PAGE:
NEW BRITAIN — Jack Cochran wants to be a head coach again and he wants to do it at a place he helped bring back to prominence in Connecticut high school football.
Cochran, who led New Britain High School to three Class LL state titles the early 2000s, officially put his name in for the Hurricanes’ vacant head coaching position. He last coached during the 2018 season as an assistant at Killingly.
“Just to be very honest with you, the four years I spent in New Britain were the four best years of my life,” Cochran told The Herald. “It’s an amazing place. It was a great place to live, to coach and to teach. I really enjoyed it.”
New Britain is currently looking for a replacement for Tebucky Jones, who decided to step down on Jan. 16 after nine seasons leading the program to spend more time with his family.
“I just told a couple of close friends [that I was applying]. I wasn’t sure at that time. But as it got closer to the deadline, I thought there are a lot of kids that need the right influence in their lives,” Cochran said.
Cochran is among the most successful high school football coaches in the state’s history and is known for elevating programs into regular title contenders. He owns a 163-31-2 career record (.835 winning percentage) during stops at Bloomfield (1992-2000), New Britain (2001-2004), New London (2005-2008) and Harding (2013). He has coached in 14 state championship games.
He won four straight championships with Bloomfield, from 1997-2000, before leading the Hurricanes to three titles in four seasons, in 2001, 2003 and 2004, and coached New London to the Class SS title in 2008.
During Cochran’s tenure in New Britain, the Hurricanes went 43-3 overall.
“For me, it’s really simple,” said Justise Hairston, who played for Cochran’s 2001 title team and later played at Rutgers and CCSU. “He’s a proven winner. He puts kids in college and he has high expectations. He puts structures in place — he demands them — for kids to be successful.”
“All those kids that played for him and now have kids would want their sons to play for Jack,” Hairston added. “Everyone I’ve talked to wants him back. I wouldn’t let my son play for anyone else.”
Cochran’s teams were also among the highest scoring offenses in the state. His programs own four of the top six points per game season records, with New Britain at 60.3 points per game in 2002 first, Bloomfield at 60.1 in 1999 second, New Britain at 56.5 in 2004 fifth and Bloomfield at 55.3 in 1998 sixth.
The Hurricanes, meanwhile, have struggled since Cochran’s departure, having reached the Class LL playoffs just twice since 2007 — 2014 and 2018 — and posted an 84-67 regular season record, 84-69 overall. Both postseason appearances were under Jones’ direction and both ended in first-round exits to teams that went on to play for the state title.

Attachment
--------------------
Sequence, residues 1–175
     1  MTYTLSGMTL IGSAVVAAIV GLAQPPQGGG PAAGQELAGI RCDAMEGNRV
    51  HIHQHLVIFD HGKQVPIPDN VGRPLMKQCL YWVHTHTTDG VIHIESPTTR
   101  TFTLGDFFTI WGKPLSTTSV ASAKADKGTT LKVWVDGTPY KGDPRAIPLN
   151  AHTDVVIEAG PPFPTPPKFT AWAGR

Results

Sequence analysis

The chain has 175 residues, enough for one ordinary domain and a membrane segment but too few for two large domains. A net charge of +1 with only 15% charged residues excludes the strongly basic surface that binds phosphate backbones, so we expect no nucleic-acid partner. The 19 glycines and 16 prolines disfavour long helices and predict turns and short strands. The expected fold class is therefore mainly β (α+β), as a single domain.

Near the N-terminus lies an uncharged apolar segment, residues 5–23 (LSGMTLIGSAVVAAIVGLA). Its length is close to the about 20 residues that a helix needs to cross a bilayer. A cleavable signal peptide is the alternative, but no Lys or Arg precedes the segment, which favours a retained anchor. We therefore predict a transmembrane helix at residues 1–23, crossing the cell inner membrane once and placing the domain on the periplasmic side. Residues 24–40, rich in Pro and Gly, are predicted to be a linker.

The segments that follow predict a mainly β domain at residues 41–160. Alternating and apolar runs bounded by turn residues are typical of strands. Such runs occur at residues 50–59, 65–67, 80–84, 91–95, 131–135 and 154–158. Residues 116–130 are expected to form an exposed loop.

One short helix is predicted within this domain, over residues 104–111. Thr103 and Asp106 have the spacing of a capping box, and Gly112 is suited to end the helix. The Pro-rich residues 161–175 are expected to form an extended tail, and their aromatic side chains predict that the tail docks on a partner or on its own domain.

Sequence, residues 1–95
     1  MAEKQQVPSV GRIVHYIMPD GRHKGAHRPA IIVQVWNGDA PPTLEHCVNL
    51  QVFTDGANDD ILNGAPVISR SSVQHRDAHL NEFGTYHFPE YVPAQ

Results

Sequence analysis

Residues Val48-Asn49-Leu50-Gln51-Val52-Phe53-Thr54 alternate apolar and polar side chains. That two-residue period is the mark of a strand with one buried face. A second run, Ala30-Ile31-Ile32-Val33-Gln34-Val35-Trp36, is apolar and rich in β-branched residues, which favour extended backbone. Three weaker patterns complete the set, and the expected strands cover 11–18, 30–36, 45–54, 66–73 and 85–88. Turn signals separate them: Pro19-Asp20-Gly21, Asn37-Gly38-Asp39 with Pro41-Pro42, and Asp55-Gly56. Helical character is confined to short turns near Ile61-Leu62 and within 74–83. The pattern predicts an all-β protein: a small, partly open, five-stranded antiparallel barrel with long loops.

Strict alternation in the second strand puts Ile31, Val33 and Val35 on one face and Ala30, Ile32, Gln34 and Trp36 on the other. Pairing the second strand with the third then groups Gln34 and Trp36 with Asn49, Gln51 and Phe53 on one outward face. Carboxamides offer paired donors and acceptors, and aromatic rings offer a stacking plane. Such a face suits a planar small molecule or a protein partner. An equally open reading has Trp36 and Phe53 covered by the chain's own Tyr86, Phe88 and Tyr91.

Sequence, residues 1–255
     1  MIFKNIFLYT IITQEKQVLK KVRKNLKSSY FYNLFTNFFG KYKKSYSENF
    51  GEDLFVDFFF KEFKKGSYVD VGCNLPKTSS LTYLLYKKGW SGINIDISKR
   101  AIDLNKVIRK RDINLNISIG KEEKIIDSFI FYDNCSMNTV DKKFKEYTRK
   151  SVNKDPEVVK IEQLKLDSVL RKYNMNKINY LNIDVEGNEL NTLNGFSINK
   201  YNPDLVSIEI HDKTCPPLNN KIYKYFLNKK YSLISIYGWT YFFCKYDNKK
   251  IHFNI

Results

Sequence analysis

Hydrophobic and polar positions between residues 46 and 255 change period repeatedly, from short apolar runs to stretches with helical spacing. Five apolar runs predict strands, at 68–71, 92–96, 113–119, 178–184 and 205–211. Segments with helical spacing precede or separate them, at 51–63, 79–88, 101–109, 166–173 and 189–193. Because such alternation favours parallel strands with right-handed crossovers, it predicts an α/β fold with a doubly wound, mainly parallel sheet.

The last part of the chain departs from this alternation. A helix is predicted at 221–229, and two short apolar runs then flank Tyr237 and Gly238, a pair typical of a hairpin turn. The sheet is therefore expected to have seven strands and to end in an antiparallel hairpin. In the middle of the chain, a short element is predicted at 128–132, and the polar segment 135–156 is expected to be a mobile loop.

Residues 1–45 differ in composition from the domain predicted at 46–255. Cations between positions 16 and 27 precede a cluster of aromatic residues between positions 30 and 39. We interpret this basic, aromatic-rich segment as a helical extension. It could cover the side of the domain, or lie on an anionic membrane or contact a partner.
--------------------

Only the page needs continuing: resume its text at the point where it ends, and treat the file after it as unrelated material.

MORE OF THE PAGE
“People want this job, but don’t know what it takes,” Hairston said. “You have someone who has been here before. He knows what it takes and he’s proven. He’s someone that galvanizes the community. New Britain High is going to win. It may not be the first year, but they’re going to win.”
But Cochran has also had his share of detractors from various issues that have arisen over his coaching career. He departed New Britain following “alleged improprieties,” according to media reports at the time. New London suspended him for the 2006 season for allegedly throwing a punch at a rival coach after an Eastern Connecticut Conference weightlifting competition.
In the fall of 2008, the CIAC fined New London after Cochran violated a rule by allowing some eighth-graders to take part in a varsity football practice. In the spring of 2009, Cochran was hired as New London’s baseball coach and was found guilty of breaking a CIAC rule by assisting in offseason practices by opening up the gym to baseball players. The CIAC placed him on three-year probation. New London soon after relieved him of his football coaching position.
There’s also the famed “Cochran Rule.”
In 2005, New London beat Griswold 90-0 and won four other games by 50 or more points. The following year the CIAC instituted a one-game suspension for any coach whose team won by 50 points or more.
After a short time away from coaching, Cochran resurfaced as the head coach of Harding in Bridgeport for the 2013 season. But he lasted just half the season, citing health reasons when stepping down. After several years out of the game, he joined the Killingly staff as an assistant coach in 2018.
“Jack needs to be the guy to come back,” Hairston said. “Is he perfect? No. But I saw what he demanded. I know what it takes to play for him and what he is going to do for New Britain. I just hope they make the right decision.”
David Glovach can be reached at (860) 801-5085 or firstname.lastname@example.org
Cochran’s New Britain tenure:
2001: 11-1 (Beat Greenwich for Class LL title)
2002: 9-1 (Lost to Greenwich in Class LL semifinals)
2003: 12-0 (Beat West Haven for Class LL title)
2004: 11-1 (Beat Greenwich for Class LL title)
Since Cochran’s departure:
Total: 84-67 (84-69 overall)
* reached Class LL-Large playoffs, lost to NFA 30-6
^ reached Class LL playoffs, lost to Greenwich 49-13
1993: Lost SS championship
1994: Lost SS championship
1995: Lost S championship
1996: Lost S championship
1997: Won S championship
1998: Won S championship
1999: Won S championship
2000: Won M championship
New London Tenure:
2005: Lost S championship
2007: Lost S championship
2008: Won SS championship